Research suggests that attitudes about sleeping in the parental bed, or co-sleeping, vary across cultures. If a given culture finds this to be acceptable, and the family enjoys it, then there doesn’t seem to be any problems affiliated with it. So, this blog entry is not for those situations. This entry regards situations in which a kid expresses distress at sleeping in his or her own room, the most common cause of which is anxiety.
Tip #1: Consider whether you or your family’s dynamic is facilitating your child’s distress. Sometimes it is a parent who feels anxious about a kid sleeping in his or her own room (e.g., “what if a burglar breaks in and I’m not there to help?!”). Or, it may be that the kid sleeping in the bed averts dealing with a problem in the primary adult relationship (e.g., one parent wants to avoid conflict over sex). Dealing effectively with such underlying issues sometimes can make the surface problem go away on its own.
Tip #2: Avoid avoidance. This is good counsel across all domains of a kid’s life. Anxiety is fed when a kid avoids developmentally appropriate and safe situations because of fear.
Tip #3: Approach the situation with a calm, kind and firm manner. In regards to we parent-lunatics: when our kid hurts we hurt worse. Because of how our kid’s distress makes us feel, we sometimes react without considering whether the distress is good for our kid to experience (e.g., we remove the distress, we get agitated at our kid, we cave in).
Tip #4: Avoid excessive reassurance. A reassurance indicates that there is something potentially dangerous at hand. When explaining this principal to parents I’ll say “imagine I told you not to worry about the roof of this office collapsing on us. Can you sense the discomfort you’d start to feel about the security of the roof?”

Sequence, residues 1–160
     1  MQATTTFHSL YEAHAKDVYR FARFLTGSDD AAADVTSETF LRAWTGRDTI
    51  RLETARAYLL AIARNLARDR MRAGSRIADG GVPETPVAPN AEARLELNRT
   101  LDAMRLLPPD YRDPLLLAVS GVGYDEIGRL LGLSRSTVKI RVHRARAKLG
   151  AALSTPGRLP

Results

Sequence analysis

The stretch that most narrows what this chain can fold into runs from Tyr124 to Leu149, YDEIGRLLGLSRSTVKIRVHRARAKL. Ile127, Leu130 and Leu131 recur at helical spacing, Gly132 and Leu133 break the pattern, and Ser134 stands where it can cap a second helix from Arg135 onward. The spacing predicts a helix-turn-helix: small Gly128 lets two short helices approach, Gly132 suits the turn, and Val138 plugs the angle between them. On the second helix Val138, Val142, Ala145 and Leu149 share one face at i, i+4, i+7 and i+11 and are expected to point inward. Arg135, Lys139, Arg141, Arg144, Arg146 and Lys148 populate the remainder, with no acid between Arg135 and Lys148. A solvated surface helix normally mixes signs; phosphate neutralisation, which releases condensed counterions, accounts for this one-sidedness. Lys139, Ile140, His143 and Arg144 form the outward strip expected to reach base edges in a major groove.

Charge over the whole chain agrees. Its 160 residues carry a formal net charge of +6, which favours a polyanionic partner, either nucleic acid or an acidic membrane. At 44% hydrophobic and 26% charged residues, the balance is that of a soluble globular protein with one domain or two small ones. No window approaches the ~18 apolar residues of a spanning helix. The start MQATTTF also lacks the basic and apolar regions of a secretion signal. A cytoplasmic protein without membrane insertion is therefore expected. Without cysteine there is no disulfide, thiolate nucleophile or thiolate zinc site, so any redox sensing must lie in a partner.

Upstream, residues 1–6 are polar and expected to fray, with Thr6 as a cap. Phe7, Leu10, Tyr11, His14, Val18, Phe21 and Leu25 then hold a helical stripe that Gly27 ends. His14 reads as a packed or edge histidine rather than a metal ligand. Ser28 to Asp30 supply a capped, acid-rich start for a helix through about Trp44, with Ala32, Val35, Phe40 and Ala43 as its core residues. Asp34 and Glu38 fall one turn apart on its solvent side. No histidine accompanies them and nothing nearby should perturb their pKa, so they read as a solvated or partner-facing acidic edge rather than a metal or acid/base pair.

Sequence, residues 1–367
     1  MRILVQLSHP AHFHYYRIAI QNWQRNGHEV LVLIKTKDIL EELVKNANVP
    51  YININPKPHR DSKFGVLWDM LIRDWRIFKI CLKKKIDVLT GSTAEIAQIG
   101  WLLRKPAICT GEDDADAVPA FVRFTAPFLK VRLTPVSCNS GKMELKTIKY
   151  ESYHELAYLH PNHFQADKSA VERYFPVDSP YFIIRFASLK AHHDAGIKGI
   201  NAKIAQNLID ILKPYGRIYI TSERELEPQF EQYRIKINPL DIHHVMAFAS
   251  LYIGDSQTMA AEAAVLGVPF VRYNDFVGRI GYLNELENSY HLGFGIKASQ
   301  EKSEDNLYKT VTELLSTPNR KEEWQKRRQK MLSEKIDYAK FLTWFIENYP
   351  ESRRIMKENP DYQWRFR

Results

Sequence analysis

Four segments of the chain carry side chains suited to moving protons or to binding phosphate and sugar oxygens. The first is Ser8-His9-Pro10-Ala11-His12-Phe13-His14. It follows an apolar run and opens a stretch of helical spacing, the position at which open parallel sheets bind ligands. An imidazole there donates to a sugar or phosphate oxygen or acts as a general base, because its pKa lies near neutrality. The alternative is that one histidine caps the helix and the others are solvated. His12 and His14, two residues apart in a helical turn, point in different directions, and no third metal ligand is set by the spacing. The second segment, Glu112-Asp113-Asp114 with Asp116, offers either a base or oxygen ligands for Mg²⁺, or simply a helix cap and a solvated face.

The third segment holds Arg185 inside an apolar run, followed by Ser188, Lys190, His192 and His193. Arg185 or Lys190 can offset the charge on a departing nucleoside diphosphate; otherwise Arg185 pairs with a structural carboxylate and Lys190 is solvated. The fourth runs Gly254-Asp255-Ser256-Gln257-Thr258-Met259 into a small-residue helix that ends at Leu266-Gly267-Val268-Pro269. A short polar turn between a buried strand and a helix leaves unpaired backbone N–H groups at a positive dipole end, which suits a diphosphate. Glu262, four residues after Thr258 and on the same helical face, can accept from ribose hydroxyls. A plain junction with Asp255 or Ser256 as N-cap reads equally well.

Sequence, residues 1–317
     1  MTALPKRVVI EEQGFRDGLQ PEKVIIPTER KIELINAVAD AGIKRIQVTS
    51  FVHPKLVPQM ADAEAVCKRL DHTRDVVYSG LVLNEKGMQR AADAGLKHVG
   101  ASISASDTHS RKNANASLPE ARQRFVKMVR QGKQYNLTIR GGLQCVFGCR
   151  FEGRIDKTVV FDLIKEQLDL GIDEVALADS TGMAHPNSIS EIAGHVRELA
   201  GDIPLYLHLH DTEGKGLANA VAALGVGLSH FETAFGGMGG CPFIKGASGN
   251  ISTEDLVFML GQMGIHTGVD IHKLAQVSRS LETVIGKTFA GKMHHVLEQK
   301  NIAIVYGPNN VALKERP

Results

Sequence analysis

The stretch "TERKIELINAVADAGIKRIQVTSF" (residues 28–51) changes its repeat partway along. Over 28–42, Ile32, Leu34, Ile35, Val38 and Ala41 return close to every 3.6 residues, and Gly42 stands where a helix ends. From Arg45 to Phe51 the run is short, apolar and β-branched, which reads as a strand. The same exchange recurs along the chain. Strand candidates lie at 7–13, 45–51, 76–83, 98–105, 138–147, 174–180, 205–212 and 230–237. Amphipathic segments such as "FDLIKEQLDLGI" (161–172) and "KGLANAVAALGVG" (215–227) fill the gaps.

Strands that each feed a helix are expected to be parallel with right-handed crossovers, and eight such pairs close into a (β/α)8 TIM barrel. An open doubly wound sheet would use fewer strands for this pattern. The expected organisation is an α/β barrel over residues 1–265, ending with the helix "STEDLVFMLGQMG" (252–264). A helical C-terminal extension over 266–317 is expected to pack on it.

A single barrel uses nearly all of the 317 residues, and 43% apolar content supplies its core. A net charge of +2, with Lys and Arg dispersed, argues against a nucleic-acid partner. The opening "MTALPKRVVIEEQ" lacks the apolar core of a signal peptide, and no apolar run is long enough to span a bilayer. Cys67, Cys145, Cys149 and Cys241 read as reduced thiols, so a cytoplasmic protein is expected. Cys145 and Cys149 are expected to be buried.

Tip #5: Figure out the pacing of the “exposure.” Exposure means allowing (or sometimes forcing) a child to face a developmentally appropriate and safe situation that distresses him or her. If the amount of distress is manageable, the strategy may simply be to insist that he or she sleep in his or her own bed. If the amount of distress is more severe, you can introduce a schedule (e.g., at first you sleeps in your child’s room for a week or so, then you transition to sleeping there only until your child falls asleep, then only for a few minutes as your child settles in and then not at all).
Tip #6: Consider reasonable steps for promoting your child’s comfort. You might decorate the room in a motif pleasing to your child, allow him or her to sleep in special pajamas, leave on a night light, leave your child’s bedroom door open or allow him or her to fall asleep to music or an audio recording of a familiar story. (You don’t story to be so novel and interesting so as to keep your child up. You also want to be sure to turn it off after your child falls asleep as the quality of his or her sleep will not be as good if it remains on. The same goes for music.)
Tip #7: Many kids don’t need this, but you could always set up a reward program. For milder instances this could be as simple as putting stars on a calendar and offering a treat when 7-10 stars are earned (e.g., having a sleep over, purchasing a desired video game). For more entrenched and difficult situations you can set up a daily reward (e.g., TV is earned the next day by having gone to bed properly the night before) as well as a bonus (e.g., a trip to a local water park is earned after 14 nights of sleeping in the bed). (If you set up a program where X number of days earns a reward, it typically would not be required that the days be consecutive.)
Tip #8: If the above self-help interventions do not work, seriously consider consulting with a child psychologist. There may be other complexities at play or your child may need treatment for an anxiety disorder (most of the time anxiety disorders can be treated efficiently and effectively through cognitive-behavioral therapy). To find a provider near you, click here. Below are some related blog posts that you might also find to be of interest and don’t forget to follow me at my Twitter feed: @HelpingParents):